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The Royal Wedding: How are the public celebrating?

royal wedding

The wedding of Prince Harry and Meghan Markle had been billed as a fairy tale occasion – another piece of romantic pageantry that Britain does so well.

The playboy Prince marrying his glamorous actress wife was meant to be a distraction from relentless news about Brexit and Donald Trump.

But the fairy tale quickly descended into soap opera this week.

Would Meghan’s father attend? What will her half sister say next? And then the news that Prince Charles will walk his son’s bride down the aisle.

So we’re all eagerly waiting for the celebrations to begin, right?


According to an exclusive survey carried out by Atomik Reasearch only a quarter (26%) of us are excited about the latest Royal wedding. A huge 69% of Brits say they are totally unexcited about the nuptials, with another six per cent saying they ‘don’t know’.

royal wedding

Maybe they will make their minds up when the marching bands strike up in the streets of Windsor on Saturday morning.

Women are more excited than men, with 33% counting down the hours until the fifth in line to the throne says, ‘I do’, compared to just 19% of men.

Millennials aged 25-34 are most looking forward to the big day, with 34% barely able to sleep until Saturday compared to just 20% of 55-64-year-olds.

Royal fever is highest in London (34%) but the grumpiest about all things royal were yet again the Scots, 78% of whom say they have not the slightest interest in the wedding.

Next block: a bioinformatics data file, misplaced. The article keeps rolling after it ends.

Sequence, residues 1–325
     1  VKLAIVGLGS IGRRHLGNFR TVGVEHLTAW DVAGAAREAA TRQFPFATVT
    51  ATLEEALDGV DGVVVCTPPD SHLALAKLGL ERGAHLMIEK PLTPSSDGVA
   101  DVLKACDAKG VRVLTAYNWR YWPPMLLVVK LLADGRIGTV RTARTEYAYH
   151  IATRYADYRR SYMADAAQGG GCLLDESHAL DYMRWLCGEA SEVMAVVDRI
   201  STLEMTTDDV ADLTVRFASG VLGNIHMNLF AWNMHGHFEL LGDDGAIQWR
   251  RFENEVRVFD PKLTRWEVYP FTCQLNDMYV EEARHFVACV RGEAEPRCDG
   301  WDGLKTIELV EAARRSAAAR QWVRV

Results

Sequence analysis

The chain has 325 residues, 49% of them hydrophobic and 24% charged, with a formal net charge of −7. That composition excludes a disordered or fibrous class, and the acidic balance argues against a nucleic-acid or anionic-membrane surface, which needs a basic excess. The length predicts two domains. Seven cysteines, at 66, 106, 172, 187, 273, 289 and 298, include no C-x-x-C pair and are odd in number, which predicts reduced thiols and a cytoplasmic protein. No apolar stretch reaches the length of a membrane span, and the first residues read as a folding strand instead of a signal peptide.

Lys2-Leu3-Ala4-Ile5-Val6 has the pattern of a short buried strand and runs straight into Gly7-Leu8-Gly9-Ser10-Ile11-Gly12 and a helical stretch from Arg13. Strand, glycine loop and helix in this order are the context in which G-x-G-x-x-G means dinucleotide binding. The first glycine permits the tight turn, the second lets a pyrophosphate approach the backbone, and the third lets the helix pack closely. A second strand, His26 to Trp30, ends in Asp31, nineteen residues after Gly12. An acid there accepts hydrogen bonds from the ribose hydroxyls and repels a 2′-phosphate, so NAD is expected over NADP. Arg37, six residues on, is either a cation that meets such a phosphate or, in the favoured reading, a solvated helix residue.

The much-publicised clash brought about by having the royal wedding and the FA Cup final on the same day has split the nation.

A quarter (25%) of those surveyed say they will watch Chelsea take on Manchester United with 21% saying they will watch the wedding.

However, 44% of people say they will watch neither and just 10% will watch both.

tv clash

Most people surveyed (71%) said they would not celebrate the event at all, with just two per cent going to a themed party.

Even the promise of longer pub opening hours don’t seem to be able to shake Brits out of their negativity.

Only nine per cent said they would take advantage of extended opening times, with 57% saying they would not be going to a pub to watch either event on the day.

Londoners were most likely to hit the pubs with 28% saying they would be heading to their local compared to just three per cent of those who said they wold be going in the east of England.

But there was overwhelming approval for the royal couple’s decision not to invite any political leaders to the ceremony.

Two thirds (66%) of those surveyed said they backed the decision, with just 11% disapproving.

But who knows what will happen?

At the rate the story is currently changing, we could see Vladimir Putin conducting the ceremony, with Kim Jong-un looking after the catering and Elvis putting in a shift as a wedding singer.


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